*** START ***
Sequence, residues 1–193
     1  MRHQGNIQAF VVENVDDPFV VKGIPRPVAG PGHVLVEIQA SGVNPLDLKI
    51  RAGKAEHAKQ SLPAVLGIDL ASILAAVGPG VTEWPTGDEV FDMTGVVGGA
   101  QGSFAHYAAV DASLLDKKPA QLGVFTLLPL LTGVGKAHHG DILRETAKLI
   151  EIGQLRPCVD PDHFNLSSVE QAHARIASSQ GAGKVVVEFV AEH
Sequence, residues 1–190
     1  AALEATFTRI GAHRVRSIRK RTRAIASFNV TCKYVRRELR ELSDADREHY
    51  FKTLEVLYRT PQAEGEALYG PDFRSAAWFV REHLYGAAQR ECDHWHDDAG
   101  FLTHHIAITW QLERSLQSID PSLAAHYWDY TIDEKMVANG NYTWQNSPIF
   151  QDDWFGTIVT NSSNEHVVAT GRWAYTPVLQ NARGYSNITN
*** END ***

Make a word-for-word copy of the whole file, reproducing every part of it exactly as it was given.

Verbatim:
Sequence, residues 1–193
     1  MRHQGNIQAF VVENVDDPFV VKGIPRPVAG PGHVLVEIQA SGVNPLDLKI
    51  RAGKAEHAKQ SLPAVLGIDL ASILAAVGPG VTEWPTGDEV FDMTGVVGGA
   101  QGSFAHYAAV DASLLDKKPA QLGVFTLLPL LTGVGKAHHG DILRETAKLI
   151  EIGQLRPCVD PDHFNLSSVE QAHARIASSQ GAGKVVVEFV AEH
Sequence, residues 1–190
     1  AALEATFTRI GAHRVRSIRK RTRAIASFNV TCKYVRRELR ELSDADREHY
    51  FKTLEVLYRT PQAEGEALYG PDFRSAAWFV REHLYGAAQR ECDHWHDDAG
   101  FLTHHIAITW QLERSLQSID PSLAAHYWDY TIDEKMVANG NYTWQNSPIF
   151  QDDWFGTIVT NSSNEHVVAT GRWAYTPVLQ NARGYSNITN